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Stories & Scripts

Source: Adults

Author: Barry Gee

Title: Added Tar and Nicotine.

Whatever happened to the proud, boastful cigarette smoker? That arrogant, strutting, fearless man for whom no task was too great, no undertaking too dangerous, provided he had a decent smoke clasped firmly between his purposeful lips. I am fed up with being offered cigarettes from which all the attitude and character has been removed and are guaranteed 90% taste free. I feel sorry for those people who have allowed themselves to be frightened into smoking something that must be about as physically and mentally satisfying as a glass of water to an habitual drunkard. I get more taste by sticking my tongue out of the window on a foggy day.

My dad taught me to smoke and his dad taught him. It goes back generations. If my son chooses to smoke, and I am getting positive signs already even though he is only two years old, I want to be the one who intitiates him into the finer intracacies of inhalation, balance and posture. I don't want him learning it behind the bike-shed. I notice that he prefers to sit with me rather than his non-smoking mother and we play a game with the ash-tray and the butts.

During the war my father served in North Africa as a driver. One day, in a sand storm, he got separated from the rest of his unit and found himself in a small Arab village that wasn't on the map. His first priority was to get some cigarettes as he had only a few left. He found that they grew, harvested and cured their own tobacco in the village and made their own cigarettes. Because of the intense heat and the frequent sand-storms their tongues were like tanned leather and they needed a smoke with a sharp edge if it was to cut through to the taste buds. To this end they manufactured cigarettes with added tar and nicotine and it was one of these that they gave to my dad.

He had had to concentrate so completely on driving through the sand-storm that it had been more than an hour since he had last smoked. The Arabs had provided a tiny cup of sweet, strong coffee and he sipped it before lighting the cigarette. He inhaled the first puff deeply and experienced something that became the pivot upon which his life balanced. Everything that had gone before was now clearly divided from all that came later. He was a man of few words and was unable to describe the feeling of elevation and expansion that he experienced and merely said that it was 'better than sex'.

I was about twelve or thirteen years old and we were watching a football match from the terraces when he turned to me, in the anti-climax of a near-miss, and offered a cigarette. It was all so natural. He kept both eyes on the game as he proffered the packet and I took one and placed it between my lips. He lit a match and, with his cupped hands shielding the flame from the wind, he applied it to my cigarette. I could smell his day-job as a mechanic on his hands and see the oil-filled pores on his fingers. It was the closest moment I had ever shared with my father.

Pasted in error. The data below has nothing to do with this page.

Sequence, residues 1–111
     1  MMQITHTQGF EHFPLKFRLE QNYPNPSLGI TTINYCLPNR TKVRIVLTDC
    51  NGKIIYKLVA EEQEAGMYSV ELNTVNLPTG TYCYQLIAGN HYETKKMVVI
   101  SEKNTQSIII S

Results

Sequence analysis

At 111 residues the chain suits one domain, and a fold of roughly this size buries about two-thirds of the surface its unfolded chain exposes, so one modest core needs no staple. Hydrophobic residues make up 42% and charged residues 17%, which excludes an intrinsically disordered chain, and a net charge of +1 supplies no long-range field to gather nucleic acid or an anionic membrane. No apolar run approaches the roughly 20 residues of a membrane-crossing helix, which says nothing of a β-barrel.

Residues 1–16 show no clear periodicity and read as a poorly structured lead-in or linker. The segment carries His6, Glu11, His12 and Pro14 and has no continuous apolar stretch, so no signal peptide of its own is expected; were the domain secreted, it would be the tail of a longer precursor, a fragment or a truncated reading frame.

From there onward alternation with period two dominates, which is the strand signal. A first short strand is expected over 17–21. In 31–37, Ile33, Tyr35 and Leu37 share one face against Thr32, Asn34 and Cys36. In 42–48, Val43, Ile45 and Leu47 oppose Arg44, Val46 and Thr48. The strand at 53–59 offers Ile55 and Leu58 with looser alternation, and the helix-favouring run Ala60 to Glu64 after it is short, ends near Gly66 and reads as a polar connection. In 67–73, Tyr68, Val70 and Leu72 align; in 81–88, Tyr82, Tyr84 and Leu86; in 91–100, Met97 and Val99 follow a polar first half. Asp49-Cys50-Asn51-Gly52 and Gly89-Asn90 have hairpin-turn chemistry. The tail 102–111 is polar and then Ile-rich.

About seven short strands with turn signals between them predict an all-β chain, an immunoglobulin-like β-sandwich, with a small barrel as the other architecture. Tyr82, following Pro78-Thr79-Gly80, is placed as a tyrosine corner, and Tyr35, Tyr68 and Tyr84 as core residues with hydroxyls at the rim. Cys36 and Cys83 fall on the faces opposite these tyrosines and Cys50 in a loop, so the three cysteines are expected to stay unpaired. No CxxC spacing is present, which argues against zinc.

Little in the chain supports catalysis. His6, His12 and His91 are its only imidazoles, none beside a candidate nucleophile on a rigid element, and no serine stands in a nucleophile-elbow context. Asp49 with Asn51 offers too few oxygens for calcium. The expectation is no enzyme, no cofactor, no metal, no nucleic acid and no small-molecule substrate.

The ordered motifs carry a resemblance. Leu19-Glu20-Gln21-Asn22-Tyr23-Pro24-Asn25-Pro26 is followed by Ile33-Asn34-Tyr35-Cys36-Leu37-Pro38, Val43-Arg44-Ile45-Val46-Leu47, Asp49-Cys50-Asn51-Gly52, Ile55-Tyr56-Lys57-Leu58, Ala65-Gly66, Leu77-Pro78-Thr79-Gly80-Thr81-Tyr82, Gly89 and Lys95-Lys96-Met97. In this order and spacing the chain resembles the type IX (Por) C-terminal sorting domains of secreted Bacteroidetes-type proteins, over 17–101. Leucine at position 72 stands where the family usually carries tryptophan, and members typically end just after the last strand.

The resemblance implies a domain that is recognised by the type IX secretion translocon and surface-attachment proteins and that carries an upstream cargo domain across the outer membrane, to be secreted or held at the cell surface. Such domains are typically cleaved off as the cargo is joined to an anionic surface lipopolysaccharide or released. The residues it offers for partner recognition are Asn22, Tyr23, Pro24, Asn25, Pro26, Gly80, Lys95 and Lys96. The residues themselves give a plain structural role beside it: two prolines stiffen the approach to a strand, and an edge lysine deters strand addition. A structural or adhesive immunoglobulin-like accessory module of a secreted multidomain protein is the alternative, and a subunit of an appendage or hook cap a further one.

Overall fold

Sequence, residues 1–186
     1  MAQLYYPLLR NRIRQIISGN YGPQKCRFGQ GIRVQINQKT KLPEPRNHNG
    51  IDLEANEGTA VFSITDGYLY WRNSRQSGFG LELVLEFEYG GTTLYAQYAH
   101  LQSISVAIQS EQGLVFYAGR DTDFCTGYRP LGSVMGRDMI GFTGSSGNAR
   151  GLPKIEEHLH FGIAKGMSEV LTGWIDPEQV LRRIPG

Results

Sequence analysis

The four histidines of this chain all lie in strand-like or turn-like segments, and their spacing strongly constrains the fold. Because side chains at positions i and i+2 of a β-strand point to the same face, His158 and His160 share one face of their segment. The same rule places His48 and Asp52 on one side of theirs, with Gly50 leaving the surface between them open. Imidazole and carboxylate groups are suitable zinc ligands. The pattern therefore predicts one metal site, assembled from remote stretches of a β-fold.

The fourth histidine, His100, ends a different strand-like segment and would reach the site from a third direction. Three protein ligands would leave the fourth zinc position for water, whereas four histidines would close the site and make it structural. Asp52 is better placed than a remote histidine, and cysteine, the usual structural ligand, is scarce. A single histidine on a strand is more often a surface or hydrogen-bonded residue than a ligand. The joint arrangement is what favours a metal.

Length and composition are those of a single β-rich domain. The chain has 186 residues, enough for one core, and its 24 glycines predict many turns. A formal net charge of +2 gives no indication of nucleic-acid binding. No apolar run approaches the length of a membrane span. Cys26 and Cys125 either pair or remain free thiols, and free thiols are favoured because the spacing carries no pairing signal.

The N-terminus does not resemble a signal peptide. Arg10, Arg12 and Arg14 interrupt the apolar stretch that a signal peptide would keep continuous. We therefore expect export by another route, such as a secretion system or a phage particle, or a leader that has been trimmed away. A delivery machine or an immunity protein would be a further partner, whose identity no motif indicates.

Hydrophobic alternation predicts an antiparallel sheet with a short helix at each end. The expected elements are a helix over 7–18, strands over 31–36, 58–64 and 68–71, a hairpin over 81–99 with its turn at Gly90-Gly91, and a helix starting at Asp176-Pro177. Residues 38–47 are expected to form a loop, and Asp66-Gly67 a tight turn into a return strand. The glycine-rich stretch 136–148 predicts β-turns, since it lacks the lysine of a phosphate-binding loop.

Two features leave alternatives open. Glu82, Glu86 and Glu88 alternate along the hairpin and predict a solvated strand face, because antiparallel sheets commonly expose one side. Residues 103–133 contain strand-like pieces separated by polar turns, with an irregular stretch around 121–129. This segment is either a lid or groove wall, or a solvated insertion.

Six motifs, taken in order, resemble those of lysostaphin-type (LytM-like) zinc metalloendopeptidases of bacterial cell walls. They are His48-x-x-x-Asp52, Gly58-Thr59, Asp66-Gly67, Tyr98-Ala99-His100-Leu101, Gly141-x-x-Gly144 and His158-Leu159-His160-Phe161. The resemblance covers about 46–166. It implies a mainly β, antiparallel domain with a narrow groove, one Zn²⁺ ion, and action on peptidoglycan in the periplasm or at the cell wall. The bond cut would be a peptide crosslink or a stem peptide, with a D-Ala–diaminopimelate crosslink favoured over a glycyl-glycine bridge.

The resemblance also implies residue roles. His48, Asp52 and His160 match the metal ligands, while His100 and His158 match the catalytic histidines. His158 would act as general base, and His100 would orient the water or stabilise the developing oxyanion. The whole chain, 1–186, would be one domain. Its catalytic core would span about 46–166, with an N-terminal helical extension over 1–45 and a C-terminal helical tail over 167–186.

I am glad he is not still alive to witness the degeneration in the custom of smoking but he saw the end coming with the introduction of filter-tipped cigarettes. He refused to allow them into the house and when he found a pack of Marlborough's in my brother's bedroom he roughly tore off the tips and threw them in the bin. He died before nicotine patches became popular but I know what he would have done with them. He would have let one dissolve slowly under his tongue while he puffed away on a Capstan Full Strength or shredded them finely and added some to his own tobacco mixture.

He experimented with various combinations of tobacco in his search for an experience which would rival his enlightenment in the North African desert but, although he got close, he never managed to replicate it exactly. He used a little Virginia and a touch of Turkish but it was 60% Moroccan pipe tobacco from which juice could be squeezed with very little effort. To counteract the dampness he mixed in a good portion of Asian mountain tobacco which was so dry it could extract moisture from a damp object at a distance of a few centimetres. I tried to smoke his cigarettes but my every attempt ended in failure. It was like putting my mouth over the exhaust pipe of a Formula one racing car while the driver revved the engine. It felt like somebody was holding a flame inside my head close enough to scorch the back of my eye-balls while his accomplice took bites of out my brain. It was an horrific experience.

The subsequent times that I tried to get to grips with my father's smoking mixture I found that, although the muscle spasms decreased in intensity and the all-over cold sweat became more localised to my face and chest, it was not my destiny to follow in the footsteps of my father. I could see that he was disappointed, in the way a factory owner would be when his eldest son says that he doesn't want to take over the family ironworks, but he swallowed his dismay and accepted that he had to let me go my own way.